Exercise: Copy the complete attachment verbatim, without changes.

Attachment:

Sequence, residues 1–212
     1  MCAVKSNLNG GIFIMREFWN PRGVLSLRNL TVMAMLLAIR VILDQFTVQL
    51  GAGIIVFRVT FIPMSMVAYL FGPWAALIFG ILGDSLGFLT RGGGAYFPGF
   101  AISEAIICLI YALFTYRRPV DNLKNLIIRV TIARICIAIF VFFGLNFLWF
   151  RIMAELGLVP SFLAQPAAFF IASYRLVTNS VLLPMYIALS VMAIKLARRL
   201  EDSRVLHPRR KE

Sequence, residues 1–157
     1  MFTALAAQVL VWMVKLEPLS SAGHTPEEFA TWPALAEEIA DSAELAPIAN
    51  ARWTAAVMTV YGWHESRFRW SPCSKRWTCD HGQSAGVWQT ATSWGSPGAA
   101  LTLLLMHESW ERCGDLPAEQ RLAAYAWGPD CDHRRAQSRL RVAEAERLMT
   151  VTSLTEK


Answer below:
Sequence, residues 1–212
     1  MCAVKSNLNG GIFIMREFWN PRGVLSLRNL TVMAMLLAIR VILDQFTVQL
    51  GAGIIVFRVT FIPMSMVAYL FGPWAALIFG ILGDSLGFLT RGGGAYFPGF
   101  AISEAIICLI YALFTYRRPV DNLKNLIIRV TIARICIAIF VFFGLNFLWF
   151  RIMAELGLVP SFLAQPAAFF IASYRLVTNS VLLPMYIALS VMAIKLARRL
   201  EDSRVLHPRR KE

Sequence, residues 1–157
     1  MFTALAAQVL VWMVKLEPLS SAGHTPEEFA TWPALAEEIA DSAELAPIAN
    51  ARWTAAVMTV YGWHESRFRW SPCSKRWTCD HGQSAGVWQT ATSWGSPGAA
   101  LTLLLMHESW ERCGDLPAEQ RLAAYAWGPD CDHRRAQSRL RVAEAERLMT
   151  VTSLTEK